All trials are trials for one’s life, just as all sentences are sentences
of death; and three times have I been tried. The first time I left the
box to be arrested, the second time to be led back to the house of
detention, the third time to pass into a prison for two years. Society,
as we have constituted it, will have no place for me, has none to offer;
but Nature, whose sweet rains fall on unjust and just alike, will have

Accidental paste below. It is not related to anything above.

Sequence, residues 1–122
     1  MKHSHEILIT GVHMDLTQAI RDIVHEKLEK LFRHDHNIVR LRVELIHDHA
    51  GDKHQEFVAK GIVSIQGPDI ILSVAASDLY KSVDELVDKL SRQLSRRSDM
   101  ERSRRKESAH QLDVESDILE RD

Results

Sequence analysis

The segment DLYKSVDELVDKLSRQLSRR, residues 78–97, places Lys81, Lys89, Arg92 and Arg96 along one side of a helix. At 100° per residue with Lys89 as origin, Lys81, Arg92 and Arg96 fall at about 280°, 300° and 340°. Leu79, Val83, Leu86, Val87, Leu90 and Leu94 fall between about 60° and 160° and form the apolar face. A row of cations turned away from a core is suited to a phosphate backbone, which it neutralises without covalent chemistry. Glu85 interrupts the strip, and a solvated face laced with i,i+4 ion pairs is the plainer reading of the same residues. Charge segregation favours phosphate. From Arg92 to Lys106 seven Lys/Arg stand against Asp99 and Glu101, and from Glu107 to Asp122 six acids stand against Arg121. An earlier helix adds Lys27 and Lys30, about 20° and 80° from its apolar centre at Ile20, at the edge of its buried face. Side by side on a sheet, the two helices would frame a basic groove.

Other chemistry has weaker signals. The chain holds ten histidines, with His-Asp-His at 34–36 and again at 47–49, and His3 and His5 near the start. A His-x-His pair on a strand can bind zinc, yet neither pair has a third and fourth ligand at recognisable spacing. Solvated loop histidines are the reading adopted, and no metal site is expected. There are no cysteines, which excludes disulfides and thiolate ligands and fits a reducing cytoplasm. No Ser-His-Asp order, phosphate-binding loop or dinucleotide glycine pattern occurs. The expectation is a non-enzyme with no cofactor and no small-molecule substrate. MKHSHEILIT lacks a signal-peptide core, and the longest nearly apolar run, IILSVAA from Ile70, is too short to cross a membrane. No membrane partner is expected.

clefts in the rocks where I may hide, and secret valleys in whose silence
I may weep undisturbed. She will hang the night with stars so that I may
walk abroad in the darkness without stumbling, and send the wind over my
footprints so that none may track me to my hurt: she will cleanse me in
great waters, and with bitter herbs make me whole.
Notes: a “from the depths” epistle to Lord Alfred Douglas. Written during Wilde’s imprisonment in Reading Gaol. Click here to read the full text of De Profundis.
Suggested further reading: The Ballad of Reading Gaol by Oscar Wilde